Let’s talk about the one thing that’s at the heart of it all, the elephant in the room, America’s worsening emotional crisis. It’s the reason half of the country is in arms and the reason the other half can’t see any issue.
There has been a significant gap in emotional training in this country since around or before the time of world war two and for some reason, no one seems to be up in arms about that fact, why is that? Because we’ve been trained to fear our emotions or at the very least to sweep them under the rug; and now we are faced with that fear head on and it’s nothing short of appalling.
One of the key indicators of being emotionally intelligent is empathy, which is exactly what divides us now, in all sincerity, it’s at the heart of each conversation whether we recognize it or not. It seems that hour upon hour can be spent in great debate but bring up the word emotions and people run for the hills.
The fear and ignorance around emotional understanding is what perpetuates our lack of it and our interest in making it part of our education system’s mandatory curriculum. We’ve been lulled into a false belief that emotions are innate, which couldn’t be further from the truth. Decades ago, before the influx of population, before food became non-food, before we wanted everything immediately, we were trained to understand and regulate our emotions discreetly, by our stay at home mom’s or extended families. If we didn’t fully understand ourselves emotionally, at the very least we understood how to be respectful and courteous to others. And that training has not only fallen through the cracks we can now see the disastrous effects as emotional intelligence declines with each generation.
We’ve been forced to stray so far away from emotional self-awareness we’ve not accepted the labeling of our emotional dysfunction and bandaiding it with the latest offering from big pharma, whose hour-long disclaimers have now become a normal part of our lives. We can’t face our prolonged anger, despair, sadness and anxiety because we simply have not been given the tools to do so, and our capitalistic society is making a literal killing from our pain, fear and insecurities. Gone are the days we could take a minute to stop and gather ourselves. The idea of taking time out to assess how you feel during your day will have you laughed out of your very lucrative place of employment.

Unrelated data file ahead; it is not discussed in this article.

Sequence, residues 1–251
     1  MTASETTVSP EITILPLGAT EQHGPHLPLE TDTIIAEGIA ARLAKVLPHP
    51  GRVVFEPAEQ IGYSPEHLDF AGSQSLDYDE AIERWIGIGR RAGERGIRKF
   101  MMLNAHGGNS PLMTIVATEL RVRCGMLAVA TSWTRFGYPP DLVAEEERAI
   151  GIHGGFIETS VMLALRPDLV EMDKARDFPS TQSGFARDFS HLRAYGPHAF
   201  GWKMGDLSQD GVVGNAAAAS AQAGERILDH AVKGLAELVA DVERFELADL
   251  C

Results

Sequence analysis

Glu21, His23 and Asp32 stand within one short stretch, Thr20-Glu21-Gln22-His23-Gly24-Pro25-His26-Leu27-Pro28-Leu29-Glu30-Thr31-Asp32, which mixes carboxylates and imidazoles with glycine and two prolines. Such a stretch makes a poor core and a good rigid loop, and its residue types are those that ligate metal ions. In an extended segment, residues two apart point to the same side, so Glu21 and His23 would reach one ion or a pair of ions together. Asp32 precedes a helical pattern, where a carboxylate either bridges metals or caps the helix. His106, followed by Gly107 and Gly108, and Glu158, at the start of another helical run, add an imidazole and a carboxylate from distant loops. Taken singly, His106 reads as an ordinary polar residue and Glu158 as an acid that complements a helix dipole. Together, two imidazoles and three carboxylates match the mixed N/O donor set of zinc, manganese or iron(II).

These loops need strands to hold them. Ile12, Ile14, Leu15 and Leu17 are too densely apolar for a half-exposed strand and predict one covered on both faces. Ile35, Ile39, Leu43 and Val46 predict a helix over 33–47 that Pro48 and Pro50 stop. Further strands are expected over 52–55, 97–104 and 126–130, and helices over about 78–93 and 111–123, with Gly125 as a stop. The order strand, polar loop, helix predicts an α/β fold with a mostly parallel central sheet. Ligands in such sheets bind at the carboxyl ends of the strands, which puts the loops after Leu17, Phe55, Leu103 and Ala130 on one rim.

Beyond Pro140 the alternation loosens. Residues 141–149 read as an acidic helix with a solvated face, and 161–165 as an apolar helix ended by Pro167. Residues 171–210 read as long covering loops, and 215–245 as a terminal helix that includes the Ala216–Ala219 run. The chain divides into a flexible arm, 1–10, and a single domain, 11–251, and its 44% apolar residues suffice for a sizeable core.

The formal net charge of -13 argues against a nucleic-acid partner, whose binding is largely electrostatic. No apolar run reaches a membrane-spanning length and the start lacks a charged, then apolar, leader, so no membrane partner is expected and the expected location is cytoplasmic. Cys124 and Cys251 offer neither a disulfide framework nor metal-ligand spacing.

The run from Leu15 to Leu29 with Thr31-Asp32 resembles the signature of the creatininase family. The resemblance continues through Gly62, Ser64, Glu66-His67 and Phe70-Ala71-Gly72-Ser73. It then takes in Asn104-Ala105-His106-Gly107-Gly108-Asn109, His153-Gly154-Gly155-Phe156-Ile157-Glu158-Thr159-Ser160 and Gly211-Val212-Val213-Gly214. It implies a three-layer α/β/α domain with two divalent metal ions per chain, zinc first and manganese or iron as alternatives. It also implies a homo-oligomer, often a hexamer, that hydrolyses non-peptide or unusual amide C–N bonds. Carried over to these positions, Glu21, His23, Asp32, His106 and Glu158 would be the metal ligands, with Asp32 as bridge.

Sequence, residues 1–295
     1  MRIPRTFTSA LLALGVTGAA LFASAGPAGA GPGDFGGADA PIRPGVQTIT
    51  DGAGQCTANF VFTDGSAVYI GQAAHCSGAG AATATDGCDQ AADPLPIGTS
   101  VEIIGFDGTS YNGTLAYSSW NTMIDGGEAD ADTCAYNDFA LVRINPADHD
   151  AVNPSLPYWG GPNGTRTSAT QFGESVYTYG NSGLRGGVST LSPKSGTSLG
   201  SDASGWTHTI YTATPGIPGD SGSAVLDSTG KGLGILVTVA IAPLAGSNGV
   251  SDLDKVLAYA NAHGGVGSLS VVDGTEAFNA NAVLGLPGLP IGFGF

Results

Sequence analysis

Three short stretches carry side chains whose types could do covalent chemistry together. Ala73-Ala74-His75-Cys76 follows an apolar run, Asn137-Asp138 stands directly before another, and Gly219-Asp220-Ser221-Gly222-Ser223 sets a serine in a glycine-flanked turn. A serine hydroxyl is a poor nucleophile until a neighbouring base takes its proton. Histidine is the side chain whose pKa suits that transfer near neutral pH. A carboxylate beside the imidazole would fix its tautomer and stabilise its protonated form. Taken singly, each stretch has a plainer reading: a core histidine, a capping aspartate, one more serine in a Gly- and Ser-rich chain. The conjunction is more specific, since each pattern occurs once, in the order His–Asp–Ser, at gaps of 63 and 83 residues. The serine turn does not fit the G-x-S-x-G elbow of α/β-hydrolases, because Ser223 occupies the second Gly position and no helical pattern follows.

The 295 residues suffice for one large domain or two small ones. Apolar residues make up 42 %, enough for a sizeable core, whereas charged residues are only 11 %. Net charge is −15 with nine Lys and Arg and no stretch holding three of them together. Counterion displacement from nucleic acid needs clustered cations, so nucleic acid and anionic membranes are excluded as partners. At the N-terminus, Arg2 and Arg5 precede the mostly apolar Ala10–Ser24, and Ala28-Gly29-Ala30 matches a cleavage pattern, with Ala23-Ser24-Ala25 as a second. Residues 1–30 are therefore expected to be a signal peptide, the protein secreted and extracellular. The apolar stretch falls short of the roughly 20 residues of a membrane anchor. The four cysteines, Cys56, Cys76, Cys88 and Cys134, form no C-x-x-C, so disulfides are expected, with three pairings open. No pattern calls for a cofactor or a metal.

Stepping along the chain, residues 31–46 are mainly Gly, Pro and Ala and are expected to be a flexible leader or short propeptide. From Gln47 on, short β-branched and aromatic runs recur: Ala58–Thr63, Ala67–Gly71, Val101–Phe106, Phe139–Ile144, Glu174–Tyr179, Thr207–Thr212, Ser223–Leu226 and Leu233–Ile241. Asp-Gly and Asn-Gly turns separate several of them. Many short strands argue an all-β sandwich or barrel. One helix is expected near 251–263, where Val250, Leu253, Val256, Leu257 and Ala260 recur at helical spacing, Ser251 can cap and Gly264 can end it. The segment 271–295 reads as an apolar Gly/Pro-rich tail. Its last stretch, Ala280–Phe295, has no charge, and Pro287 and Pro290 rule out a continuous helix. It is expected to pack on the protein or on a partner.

The truest culprit on the top of the emotional pile, driving it all is pain; deeply hidden, often repressed pain and that pain has been cultivated and growing for years. Again because we don’t know how to understand ourselves emotionally. Pain is the driver of fear; fear creates anger, authoritarianism, conflict and divisiveness because it’s driven by insecurities and our fear of being vulnerable to judgement and criticism; all examples of lack of emotional self-awareness. It has the ability to turn humans into greedy and power-hungry bullies, belittlers and thugs. Whereas the reverse, the peacemakers of emotional awareness are kindness, compassion, empathy, sympathy and love. It’s the veritable difference between light and dark. Imagine how different the world could be with increased emotional awareness for all.
The opposition to this simple concept is huge because it’s so deeply ingrained as well as a very powerful money maker. But money can be made in peace and victims can find the root cause of their frustration. In order to find lasting change we must first address the core issues of the dysfunction, another simple concept that seems so difficult at times. And how do we start, by taking a moment to assess how we feel and the time to understand the root causation because it’s out there blatantly starting us in the face, we are just all to upset and ill equipped to handle our upset to see it.
What do we need to make this happen?
The awareness to start thinking about this and start having this conversation.
The open mindedness to think outside the box re-prioritize our concerns while seeking solutions.
The desire to understand yourself from within and to take personal responsibility.
An honest self-assessment: start by recognizing and admitting all forms denial distraction or avoidance you are using.
Deeper levels of emotional self-awareness, give yourself permission to feel without fear. Take the time to identify (name) how you feel, to process (think through) those feelings and to release (cry, scream, write, let go) what you feel. And to use these tools to regulate our emotions so we can release all the dysfunction we use as coping now. Lastly, face any hidden trauma that may continue to trigger dysfunction.
Is it hard, is it daunting, maybe a little, but not nearly as hard as life as we know it now.